Another day we went to Old Town Albuquerque. Once we got there, our eyes got so big! With the center a lovely, green park with a gazebo, trees, benches, etc. and shops in old buildings around that square, well, it reminded us of a town in Mexico. We were there on a cruise ship shore excursion. We pointed, “Right there is where the shop was that we bought our Mexican vanilla!” HAHA We read the sign that told us Albuquerque was founded in 1706. Farming and ranching communities. In 1793 San Felipe de Neri Church and Rectory and it is still here. As we walked around, we saw the beautiful church. San Felipe de Neri is the oldest church in this city. It has continually served the community without interruption since 1706! We walked into the courtyard and were disappointed to see the sign that said we can’t go inside the church due to cleaning and renovations. We walked through the gift shop and to the back to a tiny museum. We had 20 minutes before they closed. We saw the gorgeous capes, shawls, a bell, and many other things. There is also a display that show an altar setting with great description of each item and the meaning. Wonderful! Kevin said he likes the tradition of this church. We learned there was a lady named Sister Blandina who was here at the beginning. Her diary has been put into a book and we bought it. Can’t wait to get started on it. After the church, we walked around the plaza and stepped into a few shops. Kevin found a Penny Souvenir machine. I saw on one of them what the symbol of New Mexico stands for: the 4 lines pointing up-Winter, Spring, Summer, Fall, the 4 lines pointing right-Infant, Youth, Adult, Old, the 4 lines pointing down-North, East, South, West, and the 4 lines pointing left-Dawn, Day, Dusk, Dark.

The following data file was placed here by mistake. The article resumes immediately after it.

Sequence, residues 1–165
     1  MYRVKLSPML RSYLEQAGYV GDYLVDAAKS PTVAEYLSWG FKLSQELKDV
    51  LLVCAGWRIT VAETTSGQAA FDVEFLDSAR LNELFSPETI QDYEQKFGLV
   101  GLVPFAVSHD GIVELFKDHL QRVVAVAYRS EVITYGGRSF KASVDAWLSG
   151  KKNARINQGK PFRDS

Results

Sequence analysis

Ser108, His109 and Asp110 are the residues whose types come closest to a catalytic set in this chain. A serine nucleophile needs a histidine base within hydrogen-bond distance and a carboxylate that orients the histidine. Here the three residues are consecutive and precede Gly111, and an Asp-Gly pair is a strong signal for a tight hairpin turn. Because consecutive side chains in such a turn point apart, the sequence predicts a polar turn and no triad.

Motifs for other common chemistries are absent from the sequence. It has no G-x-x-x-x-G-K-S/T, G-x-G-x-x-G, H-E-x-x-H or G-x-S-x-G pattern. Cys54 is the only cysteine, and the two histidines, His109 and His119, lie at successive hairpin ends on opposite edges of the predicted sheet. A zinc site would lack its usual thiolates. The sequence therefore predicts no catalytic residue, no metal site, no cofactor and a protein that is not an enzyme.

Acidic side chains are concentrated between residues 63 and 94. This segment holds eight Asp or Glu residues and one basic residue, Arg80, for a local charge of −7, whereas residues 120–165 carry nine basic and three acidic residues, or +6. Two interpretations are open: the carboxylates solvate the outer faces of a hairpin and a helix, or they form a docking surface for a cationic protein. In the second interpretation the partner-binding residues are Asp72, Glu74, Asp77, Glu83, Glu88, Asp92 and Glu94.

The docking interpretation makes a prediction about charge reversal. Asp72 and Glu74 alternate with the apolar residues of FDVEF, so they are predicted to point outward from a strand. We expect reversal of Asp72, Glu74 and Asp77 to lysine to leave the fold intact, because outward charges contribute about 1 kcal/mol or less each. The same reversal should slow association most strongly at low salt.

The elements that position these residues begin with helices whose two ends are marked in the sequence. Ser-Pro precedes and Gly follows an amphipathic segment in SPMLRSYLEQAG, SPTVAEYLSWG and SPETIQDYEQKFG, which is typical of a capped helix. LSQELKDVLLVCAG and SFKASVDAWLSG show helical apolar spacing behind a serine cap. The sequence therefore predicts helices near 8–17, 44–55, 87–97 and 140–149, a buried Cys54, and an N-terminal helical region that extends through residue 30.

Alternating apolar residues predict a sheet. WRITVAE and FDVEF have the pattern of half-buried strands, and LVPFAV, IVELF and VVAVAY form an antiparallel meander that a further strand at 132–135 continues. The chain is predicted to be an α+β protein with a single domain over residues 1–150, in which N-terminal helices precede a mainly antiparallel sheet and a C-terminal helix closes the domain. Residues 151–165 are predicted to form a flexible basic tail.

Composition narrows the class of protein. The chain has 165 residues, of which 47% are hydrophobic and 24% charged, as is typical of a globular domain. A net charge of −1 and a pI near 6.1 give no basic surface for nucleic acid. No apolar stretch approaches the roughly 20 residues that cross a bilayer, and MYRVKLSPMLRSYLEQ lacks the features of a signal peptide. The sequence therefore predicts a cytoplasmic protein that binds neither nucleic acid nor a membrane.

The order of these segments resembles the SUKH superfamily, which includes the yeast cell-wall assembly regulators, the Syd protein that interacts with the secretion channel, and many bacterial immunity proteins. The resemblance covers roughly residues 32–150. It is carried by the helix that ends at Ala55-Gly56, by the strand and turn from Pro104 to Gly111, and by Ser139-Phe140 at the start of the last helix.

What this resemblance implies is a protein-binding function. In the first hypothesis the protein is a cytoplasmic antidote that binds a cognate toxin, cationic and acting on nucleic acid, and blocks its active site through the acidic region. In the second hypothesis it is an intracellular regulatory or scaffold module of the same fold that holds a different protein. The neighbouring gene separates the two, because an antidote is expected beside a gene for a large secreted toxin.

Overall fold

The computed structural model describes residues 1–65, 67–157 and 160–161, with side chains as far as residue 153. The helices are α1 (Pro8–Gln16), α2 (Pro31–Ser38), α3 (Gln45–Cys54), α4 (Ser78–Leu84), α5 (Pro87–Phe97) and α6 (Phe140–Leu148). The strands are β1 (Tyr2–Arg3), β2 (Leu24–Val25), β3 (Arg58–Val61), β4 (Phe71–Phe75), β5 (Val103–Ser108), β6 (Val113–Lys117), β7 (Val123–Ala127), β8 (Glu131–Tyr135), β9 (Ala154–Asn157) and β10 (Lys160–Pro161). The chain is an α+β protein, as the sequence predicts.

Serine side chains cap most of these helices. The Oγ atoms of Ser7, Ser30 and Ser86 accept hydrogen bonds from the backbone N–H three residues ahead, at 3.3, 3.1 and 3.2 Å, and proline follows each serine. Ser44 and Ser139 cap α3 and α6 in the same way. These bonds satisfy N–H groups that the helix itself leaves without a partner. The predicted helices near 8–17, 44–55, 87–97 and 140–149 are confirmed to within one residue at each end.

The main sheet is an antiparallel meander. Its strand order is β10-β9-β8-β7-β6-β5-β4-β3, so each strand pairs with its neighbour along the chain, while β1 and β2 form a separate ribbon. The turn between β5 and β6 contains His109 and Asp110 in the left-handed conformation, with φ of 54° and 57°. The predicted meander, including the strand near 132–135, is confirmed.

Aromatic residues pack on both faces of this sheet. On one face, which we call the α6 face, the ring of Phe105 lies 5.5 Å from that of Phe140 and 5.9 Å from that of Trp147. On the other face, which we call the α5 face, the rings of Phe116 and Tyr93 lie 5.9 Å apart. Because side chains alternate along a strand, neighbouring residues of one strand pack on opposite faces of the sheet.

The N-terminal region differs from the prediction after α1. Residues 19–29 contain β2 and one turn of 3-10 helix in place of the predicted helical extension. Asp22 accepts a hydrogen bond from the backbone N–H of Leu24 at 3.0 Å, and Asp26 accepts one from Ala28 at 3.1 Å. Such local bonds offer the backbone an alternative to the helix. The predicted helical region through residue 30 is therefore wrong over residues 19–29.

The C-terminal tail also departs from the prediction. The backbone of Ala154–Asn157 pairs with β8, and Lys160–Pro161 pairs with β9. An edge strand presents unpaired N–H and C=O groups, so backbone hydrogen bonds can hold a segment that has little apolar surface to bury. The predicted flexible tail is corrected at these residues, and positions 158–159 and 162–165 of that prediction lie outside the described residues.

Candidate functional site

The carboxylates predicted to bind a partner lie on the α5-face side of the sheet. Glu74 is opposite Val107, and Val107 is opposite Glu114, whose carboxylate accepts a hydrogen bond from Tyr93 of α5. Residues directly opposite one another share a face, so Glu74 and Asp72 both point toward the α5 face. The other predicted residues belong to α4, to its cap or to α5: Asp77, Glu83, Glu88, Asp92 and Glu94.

At the end of the week, we drove around more looking at the beauty of this city. We will have to come back here and stay longer down the road.
After spending a great time with our niece and her family (see last week’s post) we heading to Kevin’s brother’s house. The sad thing is, he and his wife got Covid last week. We weren’t sure how long they would be sick. We were still invited to park on their property and since we were scheduled to be there for 2 weeks we all hoped they would feel up to visiting before that time was up.
Kevin noticed the water hose was hooked up but with little water pressure from the spigot outside. He decided to fill up our fresh water tank and then turned off the water spigot. Also, this will help in case it gets cold and the hose freezes. (Stay tuned!)